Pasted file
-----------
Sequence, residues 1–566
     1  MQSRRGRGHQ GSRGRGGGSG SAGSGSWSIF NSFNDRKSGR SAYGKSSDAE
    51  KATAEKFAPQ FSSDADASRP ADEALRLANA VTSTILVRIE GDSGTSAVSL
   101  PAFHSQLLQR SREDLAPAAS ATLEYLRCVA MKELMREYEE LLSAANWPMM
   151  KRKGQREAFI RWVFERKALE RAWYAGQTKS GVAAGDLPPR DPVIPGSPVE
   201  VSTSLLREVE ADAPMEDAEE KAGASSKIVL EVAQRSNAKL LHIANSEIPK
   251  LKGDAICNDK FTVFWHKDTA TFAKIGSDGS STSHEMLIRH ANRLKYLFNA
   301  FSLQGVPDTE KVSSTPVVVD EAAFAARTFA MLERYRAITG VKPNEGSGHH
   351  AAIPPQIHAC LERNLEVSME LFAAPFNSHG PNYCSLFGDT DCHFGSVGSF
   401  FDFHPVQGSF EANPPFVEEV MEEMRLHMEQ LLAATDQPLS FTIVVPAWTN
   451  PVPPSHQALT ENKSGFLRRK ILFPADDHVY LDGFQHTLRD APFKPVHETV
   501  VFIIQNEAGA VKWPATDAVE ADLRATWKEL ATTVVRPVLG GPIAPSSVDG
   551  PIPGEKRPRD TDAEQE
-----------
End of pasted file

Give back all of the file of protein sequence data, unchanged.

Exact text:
Sequence, residues 1–566
     1  MQSRRGRGHQ GSRGRGGGSG SAGSGSWSIF NSFNDRKSGR SAYGKSSDAE
    51  KATAEKFAPQ FSSDADASRP ADEALRLANA VTSTILVRIE GDSGTSAVSL
   101  PAFHSQLLQR SREDLAPAAS ATLEYLRCVA MKELMREYEE LLSAANWPMM
   151  KRKGQREAFI RWVFERKALE RAWYAGQTKS GVAAGDLPPR DPVIPGSPVE
   201  VSTSLLREVE ADAPMEDAEE KAGASSKIVL EVAQRSNAKL LHIANSEIPK
   251  LKGDAICNDK FTVFWHKDTA TFAKIGSDGS STSHEMLIRH ANRLKYLFNA
   301  FSLQGVPDTE KVSSTPVVVD EAAFAARTFA MLERYRAITG VKPNEGSGHH
   351  AAIPPQIHAC LERNLEVSME LFAAPFNSHG PNYCSLFGDT DCHFGSVGSF
   401  FDFHPVQGSF EANPPFVEEV MEEMRLHMEQ LLAATDQPLS FTIVVPAWTN
   451  PVPPSHQALT ENKSGFLRRK ILFPADDHVY LDGFQHTLRD APFKPVHETV
   501  VFIIQNEAGA VKWPATDAVE ADLRATWKEL ATTVVRPVLG GPIAPSSVDG
   551  PIPGEKRPRD TDAEQE